What Do Environmental Engineers Do? Part 3!

Written By: Anna Lucas

So, we know what environmental engineering is, and how it impacts the world, but what specifically is an environmental engineer’s job, and what makes them different from other engineers? Well, let’s start with the first question of what environmental engineers are. Environmental engineers, as we mentioned before, are engineers that use the principles of engineering, soil science, biology, and chemistry to develop solutions to environmental problems. But, what makes them different from other engineers? Although environmental engineering is its own field, it does encompass other types of engineering within the field. Mainly, they utilize mechanical, electrical, and sometimes chemical/nuclear engineering. For example, they use mechanical engineering when making alternate energy sources such as solar panels or wind turbines. They use electrical engineering to create energy canisters, or more sustainable rechargeable batteries. And they use chemical/nuclear engineering in creating alternate energy sources, and to reverse the effects of things like greenhouse gasses.


In day-to-day life, environmental engineers have very similar lives to all other types of engineers. They work mainly in offices or workshops, as they go into the field to study problems or issues and then spend the majority of their time in workshops brainstorming solutions, completing tests, and making improvements to previously created tech. The main difference, however, that differentiates environmental engineering from other disciplines is the biological aspects of this field. Because environmental engineers study the environment, the atmosphere, plant life, and animal life, biology is a big part of the field which makes it unique from other disciplines. This makes environmental engineering more attractive to those who are less inclined to physical sciences like physics and chemistry, and more inclined towards the biological sciences.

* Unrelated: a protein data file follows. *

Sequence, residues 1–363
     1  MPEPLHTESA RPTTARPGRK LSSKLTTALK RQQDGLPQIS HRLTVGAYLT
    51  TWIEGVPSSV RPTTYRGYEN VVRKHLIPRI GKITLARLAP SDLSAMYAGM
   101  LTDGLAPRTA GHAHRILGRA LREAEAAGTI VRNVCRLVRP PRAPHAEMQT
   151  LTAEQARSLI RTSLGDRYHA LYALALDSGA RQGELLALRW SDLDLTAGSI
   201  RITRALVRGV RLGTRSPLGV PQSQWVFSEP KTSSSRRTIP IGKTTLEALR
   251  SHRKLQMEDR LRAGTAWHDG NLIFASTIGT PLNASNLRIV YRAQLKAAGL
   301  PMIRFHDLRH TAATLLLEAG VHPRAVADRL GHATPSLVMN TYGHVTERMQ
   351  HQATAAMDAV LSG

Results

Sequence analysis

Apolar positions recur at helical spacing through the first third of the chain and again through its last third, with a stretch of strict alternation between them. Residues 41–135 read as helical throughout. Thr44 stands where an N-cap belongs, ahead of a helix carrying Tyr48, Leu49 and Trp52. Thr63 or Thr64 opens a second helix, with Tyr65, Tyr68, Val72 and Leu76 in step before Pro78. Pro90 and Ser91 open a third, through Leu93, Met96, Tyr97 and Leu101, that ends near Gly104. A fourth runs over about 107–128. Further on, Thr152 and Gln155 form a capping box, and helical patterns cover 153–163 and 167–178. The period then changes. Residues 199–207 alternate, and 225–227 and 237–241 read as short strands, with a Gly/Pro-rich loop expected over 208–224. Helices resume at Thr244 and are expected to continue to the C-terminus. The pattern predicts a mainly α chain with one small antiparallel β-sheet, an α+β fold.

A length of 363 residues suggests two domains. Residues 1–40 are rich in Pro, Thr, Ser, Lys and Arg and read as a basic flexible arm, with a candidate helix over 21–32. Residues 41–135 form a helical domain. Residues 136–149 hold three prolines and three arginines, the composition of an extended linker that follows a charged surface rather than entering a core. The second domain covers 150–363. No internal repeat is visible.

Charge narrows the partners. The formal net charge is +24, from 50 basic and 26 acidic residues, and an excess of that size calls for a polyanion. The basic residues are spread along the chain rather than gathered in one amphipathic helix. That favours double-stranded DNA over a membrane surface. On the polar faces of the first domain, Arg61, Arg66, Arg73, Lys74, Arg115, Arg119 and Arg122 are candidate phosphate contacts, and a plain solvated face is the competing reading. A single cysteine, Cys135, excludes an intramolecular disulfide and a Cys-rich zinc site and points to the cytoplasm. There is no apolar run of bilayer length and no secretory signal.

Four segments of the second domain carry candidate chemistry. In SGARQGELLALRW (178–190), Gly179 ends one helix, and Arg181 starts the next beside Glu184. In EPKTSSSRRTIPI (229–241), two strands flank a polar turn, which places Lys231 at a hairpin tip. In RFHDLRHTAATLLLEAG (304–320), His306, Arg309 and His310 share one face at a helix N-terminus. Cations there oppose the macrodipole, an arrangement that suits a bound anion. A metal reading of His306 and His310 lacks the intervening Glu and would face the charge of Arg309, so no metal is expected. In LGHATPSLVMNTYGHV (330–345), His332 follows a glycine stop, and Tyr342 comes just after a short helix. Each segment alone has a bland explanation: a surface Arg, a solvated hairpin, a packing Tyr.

But, how do environmental engineers compare in terms of education, salary, hours, etc. to other engineers? In order to be an environmental engineer, you will need at least a bachelor's degree, but preferably a masters. It’s best to get your bachelors in something such as environmental engineering, civil engineering, chemical engineering, general engineering, or applied mathematics. This will give you a good base to work off when getting experience in your field. If you are choosing to get a masters degree, which is recommended as it will make you much more attractive to employers but not required, then you should get it in a major such as earth and environmental engineering, applied biological sciences, or the field of focus that your bachelors was in.


In terms of job opportunities, salary, and workload for environmental engineers, they are quite similar to most other engineers. Because the main employer of environmental engineers is the federal government, you are going to find most job opportunities in places with a high federal governmental presence. For example, this could be in Washington D.C, where the EPA and Fish and Wildlife Service Are located, or it could be in suburban Maryland where the FDA is located.. When looking at salary, environmental engineers make an average salary of $92,120/year, with the top 25% of engineers making $118,960/year, and the lowest 25% making $70,260/year, according to U.S. News. This means even the lowest ranked environmental engineers are still making at least $50,000/year more than the average median American. In terms of working hours, according to CareerProfiles.com, environmental engineers work an average of 40 hours per week. This is about 6 hours more per week than the average American worker, but as most employers are branches of the federal government, they receive 13 days of PTO (paid time off) per year, as well as an additional 11 federal holidays per year.


Image Credit:

Ashjaee, Nusha. “The Balance.” Thebalancecareers.com, 25 June 2019, https://www.thebalancecareers.com/environmental-engineer-526013. Accessed 21 July 2022.

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